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Killing the messenger, when journalists become targets

February 22nd, 2013
05:41 PM ET

By Claire Calzonetti, CNN

For generations journalists have risked their lives and given their lives – covering wars, human disasters and uncovering dark and ugly crimes.

Over the past several years the targets of these stories have increasingly turned their guns on the truth-seekers: the journalists.

Exactly one year ago veteran foreign correspondent Marie Colvin – a legend in journalism – was killed by a shelling attack in Syria. French photographer Remi Ochlik was killed alongside her.

British photographer Paul Conroy, who survived that attack, says he is sure they were specifically targeted.

The Committee to Protect Journalists says 70 journalists were killed in 2012, a 49% increase from the previous year.

232 journalists are imprisoned around the world and 35 are missing.

A new campaign called "A Day Without News" is trying to raise awareness and bring penalties to those who target journalists.

One of the leading voices in that campaign belongs to New York Times photographer Lynsey Addario.

In the video above CNN’s Christiane Amanpour speaks with Addario about the campaign and discusses how she and three of her colleagues were abducted while covering the Libyan revolution and held for six terrifying days.


Filed under:  Journalism • Latest Episode
soundoff (9 Responses)
  1. JIm

    So when things go boom, head in the opposite direction and make up the news like you do in any case.

    As we say in the military, a sucking chest wound is nature's way of telling you that you are too close to the enemy.

    February 22, 2013 at 11:27 pm | Reply
    • BobZemko

      What the h*ll are you trying to say?

      February 26, 2013 at 10:21 am | Reply
  2. K.

    I can't imagine !

    All my support !

    February 23, 2013 at 12:28 pm | Reply
  3. Conrad Berlouis

    "A Day Without News" That's very, very, interesting. Several years ago, I was musing with the idea that if all the world's media would stop broadcasting (or publishing) any news for a week, that would put politicians on their toes, and get them to respect "messengers" (journalists) and not harass in their pursuit of in their profession. By the way, they have managed to kill messengers, but they have failed in their bid the message.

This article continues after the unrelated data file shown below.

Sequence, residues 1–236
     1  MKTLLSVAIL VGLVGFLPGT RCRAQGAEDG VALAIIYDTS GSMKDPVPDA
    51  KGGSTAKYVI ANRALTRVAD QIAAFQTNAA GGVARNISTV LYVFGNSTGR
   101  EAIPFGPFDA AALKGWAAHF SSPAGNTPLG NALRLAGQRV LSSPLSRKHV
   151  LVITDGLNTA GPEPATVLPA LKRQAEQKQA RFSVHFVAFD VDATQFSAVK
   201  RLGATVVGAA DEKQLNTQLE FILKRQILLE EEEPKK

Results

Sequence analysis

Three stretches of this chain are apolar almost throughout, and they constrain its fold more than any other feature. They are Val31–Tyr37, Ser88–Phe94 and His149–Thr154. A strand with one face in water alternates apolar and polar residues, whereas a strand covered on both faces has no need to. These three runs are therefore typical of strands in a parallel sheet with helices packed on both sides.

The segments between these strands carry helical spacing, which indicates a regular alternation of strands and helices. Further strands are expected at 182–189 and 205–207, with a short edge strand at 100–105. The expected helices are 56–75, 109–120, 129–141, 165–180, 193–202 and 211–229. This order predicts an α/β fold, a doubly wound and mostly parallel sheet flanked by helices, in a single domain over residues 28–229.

Conrad Berlouis, Media Freelancer, Seychelles Islands.

    February 24, 2013 at 4:20 am | Reply
    • JS

      Most people who call themselves 'journalists' aren't–they are news readers, and usually highly-opinionated ones at that.

      February 26, 2013 at 1:32 pm | Reply
  4. Des Currie

    Journalists are not impartial. So why does anyone think they are a part of the conflict?
    Des Currie

    February 24, 2013 at 1:54 pm | Reply
  5. raj

    Journalism a way by which you get to aware whats happening in the neighbouring country of course you dont visit often may not be a single time in your life time but still possible to keep track of the activities and on the front line are some brave souls who think just news and happenings people has been barbaric over the years too much of bloodshed over the recent era its not new to civilization but the question is why so after we say we are developed and educated lets revind and think is killing really necessary to prove your point does the bloodshed justifies your act....

    February 25, 2013 at 2:47 am | Reply
  6. Babita

    R.I.P Ranjeet kumar excellent writer/journalist in india killed for writing against the hindu extremist party shiv sena renowned for his daring coverage of the gujrat muslim massacre by the govt in power and extremist hindus!!

    February 25, 2013 at 5:45 pm | Reply
  7. lewis

    its unfortunate people who inform and criticize policies affecting people becomes target instead of tackling the problem

    February 27, 2013 at 6:27 am | Reply

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